Police agree increase in council tax share

POLICE bosses have today agreed plans for a 3.96 per cent rise in the force’s share of the council tax bill.

Lincolnshire Police Authority’s budget plans for the next financial year will see a Ban D household pay an extra £7.11 a year, or 14p a week, for policing.

Police Authority Chairman Barry Young said: “The Authority had a stark choice: either raise the level of our precept or lose more police officers.

“We believe we have made the right decision.

“Basically, we are asking Lincolnshire’s council taxpayers to make an investment of a few more pence a week in return for a Force that by April will have 97 per cent of its officers on the front line.

“We were told by the Government to cut £20million from our budget by 2014.

“Without an increase in the policing element of the council tax, a budget reduction of that size would inevitably mean a reduction in the standard of policing.

“We are not willing to jeopardise the effectiveness of what is already the leanest, most cost-effective Force in the country.”

The force has just announced a landmark £200 million deal with private firm G4S to hand over its non-frontline services.

The authority chose not to take a one-off Government grant to freeze its council tax bills – an offer accepted by Lincolnshire County and Boston Borough councils to keep their share the same for 2012/13.

Mr Young said: “We debated accepting a one-off Government grant equal to a three per cent increase in return for freezing the precept.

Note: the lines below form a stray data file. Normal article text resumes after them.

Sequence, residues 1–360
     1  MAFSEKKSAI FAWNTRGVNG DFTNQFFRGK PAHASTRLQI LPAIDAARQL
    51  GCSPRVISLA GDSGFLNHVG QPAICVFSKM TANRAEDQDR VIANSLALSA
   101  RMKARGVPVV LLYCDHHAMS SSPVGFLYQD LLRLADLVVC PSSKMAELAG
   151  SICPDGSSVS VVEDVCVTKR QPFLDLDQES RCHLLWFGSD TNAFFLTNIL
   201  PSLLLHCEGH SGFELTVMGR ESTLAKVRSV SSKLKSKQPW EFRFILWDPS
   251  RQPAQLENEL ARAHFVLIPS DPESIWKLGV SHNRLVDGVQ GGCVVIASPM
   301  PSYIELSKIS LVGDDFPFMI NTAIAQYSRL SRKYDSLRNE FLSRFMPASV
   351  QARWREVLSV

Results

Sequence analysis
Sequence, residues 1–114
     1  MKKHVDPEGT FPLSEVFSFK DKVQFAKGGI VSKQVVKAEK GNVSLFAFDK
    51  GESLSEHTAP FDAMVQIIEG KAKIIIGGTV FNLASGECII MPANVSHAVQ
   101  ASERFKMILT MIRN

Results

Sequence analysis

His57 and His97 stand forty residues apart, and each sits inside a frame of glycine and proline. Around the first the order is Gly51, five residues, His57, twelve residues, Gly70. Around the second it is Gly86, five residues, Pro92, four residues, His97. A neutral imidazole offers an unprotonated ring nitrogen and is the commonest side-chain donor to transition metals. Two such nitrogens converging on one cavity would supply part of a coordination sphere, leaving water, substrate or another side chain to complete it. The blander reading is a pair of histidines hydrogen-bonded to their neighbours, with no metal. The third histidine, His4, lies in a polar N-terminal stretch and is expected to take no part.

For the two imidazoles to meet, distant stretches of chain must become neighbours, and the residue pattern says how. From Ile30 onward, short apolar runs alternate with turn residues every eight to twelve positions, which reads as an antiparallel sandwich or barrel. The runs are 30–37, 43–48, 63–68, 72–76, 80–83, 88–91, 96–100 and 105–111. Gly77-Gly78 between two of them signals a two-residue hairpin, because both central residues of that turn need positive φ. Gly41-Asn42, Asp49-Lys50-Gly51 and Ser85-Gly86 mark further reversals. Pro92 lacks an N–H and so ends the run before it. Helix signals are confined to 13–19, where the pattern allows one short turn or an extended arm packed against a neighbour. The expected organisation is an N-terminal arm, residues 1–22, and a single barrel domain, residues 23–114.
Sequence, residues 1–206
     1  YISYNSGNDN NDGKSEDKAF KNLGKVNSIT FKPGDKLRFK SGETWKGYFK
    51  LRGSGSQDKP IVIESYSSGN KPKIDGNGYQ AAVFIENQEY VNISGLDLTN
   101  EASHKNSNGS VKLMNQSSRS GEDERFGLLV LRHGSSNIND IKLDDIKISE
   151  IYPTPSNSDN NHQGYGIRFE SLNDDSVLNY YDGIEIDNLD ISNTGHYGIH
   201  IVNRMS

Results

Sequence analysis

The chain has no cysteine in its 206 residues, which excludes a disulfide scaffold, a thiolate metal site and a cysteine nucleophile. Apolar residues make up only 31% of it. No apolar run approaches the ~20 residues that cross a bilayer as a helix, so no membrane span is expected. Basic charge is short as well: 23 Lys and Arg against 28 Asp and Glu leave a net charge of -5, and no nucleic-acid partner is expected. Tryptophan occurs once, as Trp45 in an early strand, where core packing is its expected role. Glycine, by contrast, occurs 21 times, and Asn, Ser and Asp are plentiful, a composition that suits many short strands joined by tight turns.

“Taking the offer would have made an already precarious financial position far worse.

“It would have left the Force and the new Police and Crime Commissioner, who will be elected to replace the Authority in November, with an ever-increasing funding shortfall in coming years, leading to the loss of more police officers and staff.

“We could not accept what would be, at best, a temporary financial fix and at worst a threat to public safety in Lincolnshire.

“The Authority still faces significant financial challenges but we believe we have provided a solid foundation to secure safety and value for money policing for all the communities we serve.”

Boston Borough Council will agree its budget deal at a meeting on Thursday and Lincolnshire County Council agree to freeze its portion last week.

Police Chief Constable Richard Crompton said: “Having worked with the Authority for the past seven and a half years, I can guarantee that we have the most effective working relationship of any Force and Authority in the country.

“Today’s decision was difficult but the unanimous decision indicated that the Authority is convinced that this modest increase is necessary to secure effective policing in Lincolnshire.”